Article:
I can find no basis to distinguish this case from Charney. Although the structure of the Merger Agreement before me is not identical to the indemnification contract in issue there, the Chancellor's rationale applies equally here. First, § 5.9(a) provides that Heartland will continue to honor indemnification obligations for pre-merger acts. Heartland shall:

indemnify, defend and hold harmless, and advance expenses (subject to the Person to whom expenses are advanced providing an undertaking to repay such advances if it is finally determined by a court of competent jurisdiction that such Person is not entitled to indemnification) to [former or current officers or directors] . . . with respect to all acts or omissions by them in their capacities as such at any time prior to the [merger date] to the fullest extent permitted by Law as required by (x) the Organizational Documents of the Company or any such Subsidiary as in effect on the date of this Agreement and (y) the Indemnity Agreements . . .[42]

         Section 5.9(b) then provides for indemnification and advancement for post-merger acts. Section 5.9(b) provides that without limiting § 5.9(a)

         commencing as of the [merger date] and ending on the sixth (6th) anniversary of the [merger date], Parent shall cause the Surviving Company to the fullest

extent permitted under applicable Law, (i) indemnify and hold harmless each Indemnitee against and from any costs or expenses (including attorneys' fees), judgments, fines, losses, claims, damages, liabilities and amount paid in settlement actually and reasonably incurred by such Indemnitee in connection with any Litigation . . . to the extent such Litigation arises out of or pertains to the fact that an Indemnitee is or was an officer or director . . . and (ii) pay in advance of the final disposition of any such Litigation the expenses (including reasonable attorneys' fees) of any Indemnitee [upon an undertaking to repay].[43]

         The two clauses work together: they preserve pre-merger indemnification and advancement rights, and then extend such rights forward, post-merger. Importantly for my consideration here, both provisions bundle indemnification and advancement rights together.[44] In other words, under § 5.9, Heartland will indemnify for any litigation that "arises out of or pertains to" the fact that Carr was an officer and director, and it will also advance expenses for such litigation.

         I find that the Charney rationale controls; any definition of "pertains to" that is more expansive than "by reason of the fact" would, as applied to the indemnification rights in § 5.9, per Charney, "invalidly exceed the corporation's indemnification powers as circumscribed under Section 145."[45] And, as in Charney, it is unreasonable to give "pertains to" one meaning when applied to indemnification and a different meaning when applied to advancement, given the structure of the contract. I note that the contentious language, "pertains to," is located in § 5.9(b)(i), which relates solely to indemnification and therefore is "circumscribed under Section 145."[46] Section 5.9(b)(ii) then offers advancement for expenses in "any such Litigation."[47]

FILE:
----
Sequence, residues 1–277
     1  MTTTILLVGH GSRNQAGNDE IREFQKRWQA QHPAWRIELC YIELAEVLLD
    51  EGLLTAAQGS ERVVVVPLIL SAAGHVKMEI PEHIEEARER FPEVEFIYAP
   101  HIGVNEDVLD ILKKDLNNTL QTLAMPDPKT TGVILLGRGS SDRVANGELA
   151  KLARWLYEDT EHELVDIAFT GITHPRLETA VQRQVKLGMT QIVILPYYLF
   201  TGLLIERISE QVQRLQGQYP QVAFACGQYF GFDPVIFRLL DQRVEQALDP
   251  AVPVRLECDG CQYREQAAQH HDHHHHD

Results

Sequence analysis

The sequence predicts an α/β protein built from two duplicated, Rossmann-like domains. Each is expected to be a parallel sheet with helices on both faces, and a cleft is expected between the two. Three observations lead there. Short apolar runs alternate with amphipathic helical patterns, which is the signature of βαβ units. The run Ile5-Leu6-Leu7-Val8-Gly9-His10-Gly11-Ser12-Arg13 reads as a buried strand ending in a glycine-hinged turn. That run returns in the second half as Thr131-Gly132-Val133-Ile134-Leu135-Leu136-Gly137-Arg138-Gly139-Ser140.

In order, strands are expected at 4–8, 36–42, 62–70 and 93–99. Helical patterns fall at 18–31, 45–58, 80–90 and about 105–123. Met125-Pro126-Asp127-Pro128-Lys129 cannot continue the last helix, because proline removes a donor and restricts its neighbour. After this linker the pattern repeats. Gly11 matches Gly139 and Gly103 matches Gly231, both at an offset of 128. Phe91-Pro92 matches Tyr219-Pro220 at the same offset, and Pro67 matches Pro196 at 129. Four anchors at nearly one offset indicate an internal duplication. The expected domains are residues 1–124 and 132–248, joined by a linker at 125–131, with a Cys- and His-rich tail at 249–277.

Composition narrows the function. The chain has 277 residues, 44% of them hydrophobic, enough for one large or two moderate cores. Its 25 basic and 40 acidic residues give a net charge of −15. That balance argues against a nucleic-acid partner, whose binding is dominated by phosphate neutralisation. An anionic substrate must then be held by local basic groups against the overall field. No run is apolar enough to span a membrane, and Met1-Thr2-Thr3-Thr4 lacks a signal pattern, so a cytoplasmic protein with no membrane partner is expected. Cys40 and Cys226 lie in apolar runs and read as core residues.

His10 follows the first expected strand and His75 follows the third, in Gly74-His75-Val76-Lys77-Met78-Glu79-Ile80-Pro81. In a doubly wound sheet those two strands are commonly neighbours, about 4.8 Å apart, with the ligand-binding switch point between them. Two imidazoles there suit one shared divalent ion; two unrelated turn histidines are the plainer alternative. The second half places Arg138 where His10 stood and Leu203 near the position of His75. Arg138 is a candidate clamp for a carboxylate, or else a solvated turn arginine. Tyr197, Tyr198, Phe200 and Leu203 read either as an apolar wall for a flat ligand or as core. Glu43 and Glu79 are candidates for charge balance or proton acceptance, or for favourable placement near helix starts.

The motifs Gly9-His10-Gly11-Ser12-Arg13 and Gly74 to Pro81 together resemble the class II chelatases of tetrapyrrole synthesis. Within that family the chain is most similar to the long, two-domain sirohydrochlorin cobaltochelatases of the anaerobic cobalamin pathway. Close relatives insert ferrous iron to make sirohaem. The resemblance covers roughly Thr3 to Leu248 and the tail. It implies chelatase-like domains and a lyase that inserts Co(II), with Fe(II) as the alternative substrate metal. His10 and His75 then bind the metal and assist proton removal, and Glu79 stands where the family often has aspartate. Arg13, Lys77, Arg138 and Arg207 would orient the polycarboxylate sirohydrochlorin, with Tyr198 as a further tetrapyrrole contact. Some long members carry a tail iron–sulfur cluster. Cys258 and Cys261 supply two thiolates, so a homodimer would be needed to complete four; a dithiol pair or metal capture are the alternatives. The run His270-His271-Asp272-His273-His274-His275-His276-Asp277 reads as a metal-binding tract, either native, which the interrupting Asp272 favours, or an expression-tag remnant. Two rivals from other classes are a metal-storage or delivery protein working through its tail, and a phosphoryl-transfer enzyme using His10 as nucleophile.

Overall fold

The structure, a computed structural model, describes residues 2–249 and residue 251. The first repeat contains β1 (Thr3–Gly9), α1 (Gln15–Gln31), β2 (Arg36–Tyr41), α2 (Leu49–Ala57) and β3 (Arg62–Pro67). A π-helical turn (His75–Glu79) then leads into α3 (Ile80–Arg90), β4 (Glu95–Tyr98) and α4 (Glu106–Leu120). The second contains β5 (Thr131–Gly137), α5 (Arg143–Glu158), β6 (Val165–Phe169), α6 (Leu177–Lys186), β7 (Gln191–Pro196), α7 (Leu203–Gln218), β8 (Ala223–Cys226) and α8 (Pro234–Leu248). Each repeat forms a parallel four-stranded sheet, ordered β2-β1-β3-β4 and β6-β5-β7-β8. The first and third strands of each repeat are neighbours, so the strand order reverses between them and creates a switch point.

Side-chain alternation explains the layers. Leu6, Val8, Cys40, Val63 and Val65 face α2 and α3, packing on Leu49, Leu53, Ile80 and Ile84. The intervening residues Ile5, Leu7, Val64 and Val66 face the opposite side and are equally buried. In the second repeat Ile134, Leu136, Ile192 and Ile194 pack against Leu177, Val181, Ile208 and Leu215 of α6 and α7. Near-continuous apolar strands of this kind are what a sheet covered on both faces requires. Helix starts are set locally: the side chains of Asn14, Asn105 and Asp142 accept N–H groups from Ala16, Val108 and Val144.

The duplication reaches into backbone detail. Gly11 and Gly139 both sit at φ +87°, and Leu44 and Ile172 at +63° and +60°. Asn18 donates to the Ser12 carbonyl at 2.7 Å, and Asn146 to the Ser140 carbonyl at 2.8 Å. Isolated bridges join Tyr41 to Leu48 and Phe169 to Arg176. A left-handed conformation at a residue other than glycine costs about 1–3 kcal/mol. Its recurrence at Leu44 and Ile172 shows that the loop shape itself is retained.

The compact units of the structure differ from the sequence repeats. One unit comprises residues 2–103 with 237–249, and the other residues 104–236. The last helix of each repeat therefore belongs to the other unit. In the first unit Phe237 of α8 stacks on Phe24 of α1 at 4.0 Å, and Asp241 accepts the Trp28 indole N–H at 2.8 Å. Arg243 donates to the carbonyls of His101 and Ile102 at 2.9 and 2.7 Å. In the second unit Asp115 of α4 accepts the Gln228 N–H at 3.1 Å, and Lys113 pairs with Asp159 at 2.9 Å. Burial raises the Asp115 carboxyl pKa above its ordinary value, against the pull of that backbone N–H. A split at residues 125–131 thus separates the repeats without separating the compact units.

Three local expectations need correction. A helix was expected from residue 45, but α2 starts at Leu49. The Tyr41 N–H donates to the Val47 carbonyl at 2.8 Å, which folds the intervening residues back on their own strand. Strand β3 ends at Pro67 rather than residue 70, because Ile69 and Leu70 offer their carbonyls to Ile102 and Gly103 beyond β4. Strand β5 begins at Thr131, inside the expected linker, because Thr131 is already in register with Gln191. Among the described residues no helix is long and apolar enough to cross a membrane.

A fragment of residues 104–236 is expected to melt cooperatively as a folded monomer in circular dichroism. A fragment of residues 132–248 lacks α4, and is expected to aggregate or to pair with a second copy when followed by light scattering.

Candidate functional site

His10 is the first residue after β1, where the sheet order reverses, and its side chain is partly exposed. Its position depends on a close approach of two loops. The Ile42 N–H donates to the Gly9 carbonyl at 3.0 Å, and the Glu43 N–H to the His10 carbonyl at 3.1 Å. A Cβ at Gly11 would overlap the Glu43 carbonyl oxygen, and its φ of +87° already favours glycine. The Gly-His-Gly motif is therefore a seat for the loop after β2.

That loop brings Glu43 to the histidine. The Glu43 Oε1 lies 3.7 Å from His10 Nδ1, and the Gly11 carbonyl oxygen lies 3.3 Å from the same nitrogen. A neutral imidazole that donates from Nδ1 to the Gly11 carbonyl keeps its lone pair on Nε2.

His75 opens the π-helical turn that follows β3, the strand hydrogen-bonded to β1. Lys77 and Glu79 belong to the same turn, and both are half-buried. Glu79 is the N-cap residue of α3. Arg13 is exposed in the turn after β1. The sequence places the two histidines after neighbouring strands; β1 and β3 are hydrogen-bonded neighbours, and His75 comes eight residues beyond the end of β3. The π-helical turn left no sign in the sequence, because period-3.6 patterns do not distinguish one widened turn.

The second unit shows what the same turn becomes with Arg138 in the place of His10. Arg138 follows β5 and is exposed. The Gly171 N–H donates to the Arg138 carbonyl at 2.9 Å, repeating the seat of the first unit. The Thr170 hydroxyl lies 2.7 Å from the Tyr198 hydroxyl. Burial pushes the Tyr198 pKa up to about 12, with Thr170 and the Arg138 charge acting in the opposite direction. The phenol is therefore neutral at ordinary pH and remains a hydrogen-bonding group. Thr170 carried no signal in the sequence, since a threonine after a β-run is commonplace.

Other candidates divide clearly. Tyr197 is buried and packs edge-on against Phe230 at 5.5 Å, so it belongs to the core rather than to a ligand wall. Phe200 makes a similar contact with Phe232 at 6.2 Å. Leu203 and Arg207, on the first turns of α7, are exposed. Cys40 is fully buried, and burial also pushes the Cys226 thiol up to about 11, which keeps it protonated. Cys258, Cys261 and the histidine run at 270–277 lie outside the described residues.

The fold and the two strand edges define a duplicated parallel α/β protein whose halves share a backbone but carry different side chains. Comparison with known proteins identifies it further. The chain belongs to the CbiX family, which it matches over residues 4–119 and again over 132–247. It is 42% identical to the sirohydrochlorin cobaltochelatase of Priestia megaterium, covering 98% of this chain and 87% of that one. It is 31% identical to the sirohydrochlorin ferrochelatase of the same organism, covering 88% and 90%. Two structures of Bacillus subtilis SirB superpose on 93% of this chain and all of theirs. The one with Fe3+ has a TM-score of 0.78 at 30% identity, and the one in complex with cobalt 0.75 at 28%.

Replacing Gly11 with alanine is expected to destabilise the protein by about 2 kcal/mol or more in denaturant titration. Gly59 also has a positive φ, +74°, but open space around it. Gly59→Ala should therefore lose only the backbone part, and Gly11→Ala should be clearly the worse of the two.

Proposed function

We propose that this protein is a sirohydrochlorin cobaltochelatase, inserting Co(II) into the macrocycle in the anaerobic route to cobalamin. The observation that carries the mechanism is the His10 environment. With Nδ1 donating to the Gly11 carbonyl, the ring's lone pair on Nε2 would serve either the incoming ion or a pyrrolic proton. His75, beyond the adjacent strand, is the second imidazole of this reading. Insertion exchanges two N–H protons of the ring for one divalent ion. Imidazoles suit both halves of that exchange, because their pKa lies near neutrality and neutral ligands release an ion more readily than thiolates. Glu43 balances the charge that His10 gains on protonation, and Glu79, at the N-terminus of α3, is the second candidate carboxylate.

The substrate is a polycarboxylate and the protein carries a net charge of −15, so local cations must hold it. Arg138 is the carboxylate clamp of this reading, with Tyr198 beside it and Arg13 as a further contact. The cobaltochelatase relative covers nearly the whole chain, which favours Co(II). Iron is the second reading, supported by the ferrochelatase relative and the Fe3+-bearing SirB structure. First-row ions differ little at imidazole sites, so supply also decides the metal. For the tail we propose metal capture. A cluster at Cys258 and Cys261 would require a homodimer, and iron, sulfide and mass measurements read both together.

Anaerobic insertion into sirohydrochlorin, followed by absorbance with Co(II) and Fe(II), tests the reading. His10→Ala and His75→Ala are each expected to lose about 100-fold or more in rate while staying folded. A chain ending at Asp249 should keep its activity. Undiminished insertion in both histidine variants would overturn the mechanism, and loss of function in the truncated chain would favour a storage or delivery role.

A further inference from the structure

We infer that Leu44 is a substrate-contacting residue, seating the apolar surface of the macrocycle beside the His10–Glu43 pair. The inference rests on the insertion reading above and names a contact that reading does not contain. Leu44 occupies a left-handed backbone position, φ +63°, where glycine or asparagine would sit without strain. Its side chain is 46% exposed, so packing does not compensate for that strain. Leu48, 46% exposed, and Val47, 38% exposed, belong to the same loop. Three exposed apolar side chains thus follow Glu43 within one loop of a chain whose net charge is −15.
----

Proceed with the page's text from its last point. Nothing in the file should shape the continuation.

Hence, I find that the scope of "arises out of or pertains to" in the Merger Agreement is consistent with the "by reason of the fact" language found in Section 145.[48] I will apply the advancement provisions of the Merger Agreement accordingly.

         B. The Breach of Contract Claim, as Amended, Does Not Arise "By Reason of the Fact" that Carr was an Officer and Director of Heartland

         Having decided that in the context of the Merger Agreement, "pertains to" and "by reason of the fact" may be used interchangeably, the question remains whether the breach of contract claim arises "by reason of the fact" that Carr served as Chairman and CEO of Heartland.

         1. The "By Reason of the Fact" Test Requires a Causal Nexus between the Litigation and Carr's Official Corporate Capacity

         Section 145 provides for advancement if the litigation arises "by reason of the fact" that a party "is or was . . . a director, officer, employee or agent of the corporation."[49] Passing the "by reason of the fact" test requires showing a "nexus or causal connection" between the litigation and the party's "official corporate capacity."[50] The requisite connection is established "if the corporate powers were used or necessary for the commission of the alleged misconduct."[51] Advancement is a broad right, and "where there is no clear demarcation between covered and noncovered claims, the Court will err on the side of advancement."[52]

         Applying the "by reason of the fact" standard, the alleged breaches of fiduciary duty by Carr warrant advancement because they involve his actions as Heartland's CEO. Conversely, "advancement will be denied when the underlying claims are in the nature of an employment dispute, based on a personal obligation owed to the corporation . . . [and the employee] did not need to make use of any entrusted corporate powers in order to engage in the conduct that gave rise to the specific claims."[53] As the Defendants point out, our case law provides that "[c]laims brought by a corporation against an [individual] for . . . breaches of a noncompetition agreement are quintessential examples of a dispute between an employer" and an employee.[54] Unless the claim has some nexus to the service of the employee in pursuit of her delegated corporate powers, the litigation does not arise by reason of the fact of her service.